FINES for littering and dog fouling around Bognor Regis are being handed out every 50 minutes.
The latest figures from Arun District Council show its enforcement trial has seen more than 1,200 fixed penalty notices issued. These have been imposed during the some 120 man days of patrols by the two-five officers which council has hired for the experiment.
Its success led councillors to agree to extend the trial for two more years from next May 15 and to increase the ‘fines’.
The cost of throwing a cigarette butt on the ground or failing to clear up dog excrement could rise from the current £80 to £100, or whatever level is needed, to sustain the service.
The decisions by Arun’s environment and leisure working group will go to its cabinet member for technical services, Cllr Stephen Haymes, for a final decision early next year.
Working group chairman Cllr Phil Hitchins (C, Aldwick W) said: “I really welcome this report. In my opinion, the trial is working.
“People’s actions change once we have dog wardens walking around. I’m 100 per cent in favour of this.”
Cllr Dr James Walsh (LD, Beach) said: “We are doing the right thing. Please take this forward and make sure we enforce it.”
Cllr Jim Brooks (I, Marine) said litter was one of the biggest complaints raised by residents in his ward.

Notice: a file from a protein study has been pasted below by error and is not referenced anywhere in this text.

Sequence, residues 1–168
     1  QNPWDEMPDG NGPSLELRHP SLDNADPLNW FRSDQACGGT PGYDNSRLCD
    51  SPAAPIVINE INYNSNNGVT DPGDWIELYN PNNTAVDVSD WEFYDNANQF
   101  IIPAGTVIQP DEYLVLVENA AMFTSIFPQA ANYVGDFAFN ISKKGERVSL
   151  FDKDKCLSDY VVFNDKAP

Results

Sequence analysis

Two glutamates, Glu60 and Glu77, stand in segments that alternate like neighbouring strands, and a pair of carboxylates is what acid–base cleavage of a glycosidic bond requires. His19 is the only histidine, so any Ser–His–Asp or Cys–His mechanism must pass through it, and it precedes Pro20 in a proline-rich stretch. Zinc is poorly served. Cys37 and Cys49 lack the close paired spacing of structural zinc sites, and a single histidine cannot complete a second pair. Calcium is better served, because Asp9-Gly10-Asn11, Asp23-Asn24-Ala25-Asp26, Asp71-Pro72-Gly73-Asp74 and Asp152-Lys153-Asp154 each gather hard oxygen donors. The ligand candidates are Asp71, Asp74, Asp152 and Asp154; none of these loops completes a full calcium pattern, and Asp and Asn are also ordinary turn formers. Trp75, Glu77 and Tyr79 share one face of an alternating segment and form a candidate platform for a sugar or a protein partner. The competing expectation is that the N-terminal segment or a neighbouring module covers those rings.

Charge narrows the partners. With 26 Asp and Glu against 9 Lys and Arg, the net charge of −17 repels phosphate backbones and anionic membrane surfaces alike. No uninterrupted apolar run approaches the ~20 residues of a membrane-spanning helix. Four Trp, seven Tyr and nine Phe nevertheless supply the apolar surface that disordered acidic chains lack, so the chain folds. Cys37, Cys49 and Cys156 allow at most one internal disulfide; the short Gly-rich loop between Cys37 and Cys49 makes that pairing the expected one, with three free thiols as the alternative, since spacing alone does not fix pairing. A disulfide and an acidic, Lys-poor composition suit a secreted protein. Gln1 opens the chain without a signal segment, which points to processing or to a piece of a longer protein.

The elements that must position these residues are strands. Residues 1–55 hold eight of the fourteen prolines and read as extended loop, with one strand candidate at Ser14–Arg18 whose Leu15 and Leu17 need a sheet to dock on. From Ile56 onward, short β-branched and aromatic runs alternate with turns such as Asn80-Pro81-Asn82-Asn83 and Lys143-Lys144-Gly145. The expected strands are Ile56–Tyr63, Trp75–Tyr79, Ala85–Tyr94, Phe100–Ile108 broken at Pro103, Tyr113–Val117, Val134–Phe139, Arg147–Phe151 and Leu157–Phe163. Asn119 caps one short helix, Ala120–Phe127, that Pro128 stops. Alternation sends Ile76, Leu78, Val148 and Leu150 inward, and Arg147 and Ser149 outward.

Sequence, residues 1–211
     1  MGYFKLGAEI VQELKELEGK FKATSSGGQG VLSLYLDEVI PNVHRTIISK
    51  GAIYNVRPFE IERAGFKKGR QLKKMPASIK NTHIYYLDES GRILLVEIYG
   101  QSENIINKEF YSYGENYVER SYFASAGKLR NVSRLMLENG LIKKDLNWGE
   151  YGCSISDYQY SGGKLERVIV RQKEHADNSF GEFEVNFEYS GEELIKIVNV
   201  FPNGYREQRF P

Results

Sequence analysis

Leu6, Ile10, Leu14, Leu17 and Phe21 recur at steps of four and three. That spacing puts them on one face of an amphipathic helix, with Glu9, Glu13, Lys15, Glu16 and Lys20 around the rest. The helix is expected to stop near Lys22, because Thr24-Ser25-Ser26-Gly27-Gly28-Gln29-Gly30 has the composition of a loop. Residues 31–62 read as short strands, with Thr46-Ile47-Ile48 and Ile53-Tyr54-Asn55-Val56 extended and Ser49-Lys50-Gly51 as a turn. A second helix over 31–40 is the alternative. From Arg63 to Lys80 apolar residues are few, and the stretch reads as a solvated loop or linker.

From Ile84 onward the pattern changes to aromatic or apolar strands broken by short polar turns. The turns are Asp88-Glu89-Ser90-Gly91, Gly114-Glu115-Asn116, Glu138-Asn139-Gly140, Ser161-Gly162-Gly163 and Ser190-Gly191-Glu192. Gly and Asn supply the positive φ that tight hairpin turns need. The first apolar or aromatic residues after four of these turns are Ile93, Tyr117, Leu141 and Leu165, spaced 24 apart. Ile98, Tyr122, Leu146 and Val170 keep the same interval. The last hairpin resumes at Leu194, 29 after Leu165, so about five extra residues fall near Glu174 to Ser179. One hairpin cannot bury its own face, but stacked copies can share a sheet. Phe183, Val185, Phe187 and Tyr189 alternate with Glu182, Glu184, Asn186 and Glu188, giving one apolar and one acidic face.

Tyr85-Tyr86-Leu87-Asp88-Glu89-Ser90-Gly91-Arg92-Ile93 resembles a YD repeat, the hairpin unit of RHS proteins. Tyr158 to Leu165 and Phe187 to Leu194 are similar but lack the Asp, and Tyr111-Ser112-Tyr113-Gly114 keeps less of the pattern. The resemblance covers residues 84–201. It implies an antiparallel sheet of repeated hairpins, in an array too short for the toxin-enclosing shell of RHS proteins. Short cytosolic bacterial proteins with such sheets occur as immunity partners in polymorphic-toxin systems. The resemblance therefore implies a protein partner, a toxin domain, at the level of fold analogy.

“People ring up about it all the time. I don’t see anything wrong with putting more money into extra officers.
“Let’s have more enforcement and really nail this problem down.”
Cllr Paul Wells (LD, Hotham) called for the patrols to wear more easily seen clothing.
“I feel there should be a more high visibility presence in terms of what they wear. They can melt away in dark clothing when they stand in doorways.
“But cigarette butts are a problem and I welcome this approach. It does seem to be having an impact.”
Council licensing manager Sarah Meeten said talks had begun with East Hampshire District Council, which supplied the enforcement officers, to make them more identifiable.
“They will have identification on their uniforms more clearly in future.
“The vast majority of offenders are local people. The busiest part of the district for officers is Bognor Regis.
Figures have shown a significant peak in tickets issued in the town centre area.”
Nine out of ten were for littering, rather than dog fouling, because this tended to occur at the start and end of the day. But patrols had taken place at 6am to tackle the problem.
The project is free for Arun. The expenses are paid by the fines imposed. A total of 63 fines have been unpaid and the cases are set to go to court early next year.
Councillors also agreed to expand the contract to enable the enforcement officers to enforce all dog controls and confiscate alcohol where needed in the public space protection order area which covers most of Bognor Regis.